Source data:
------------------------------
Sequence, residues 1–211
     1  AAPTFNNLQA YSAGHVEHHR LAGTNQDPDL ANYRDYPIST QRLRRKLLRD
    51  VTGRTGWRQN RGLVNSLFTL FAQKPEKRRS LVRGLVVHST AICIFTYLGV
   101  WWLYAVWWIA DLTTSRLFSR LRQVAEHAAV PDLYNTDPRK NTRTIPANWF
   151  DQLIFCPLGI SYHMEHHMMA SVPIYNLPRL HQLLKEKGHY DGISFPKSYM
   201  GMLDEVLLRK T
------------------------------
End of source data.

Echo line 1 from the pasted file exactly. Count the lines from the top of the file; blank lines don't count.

Sequence, residues 1–211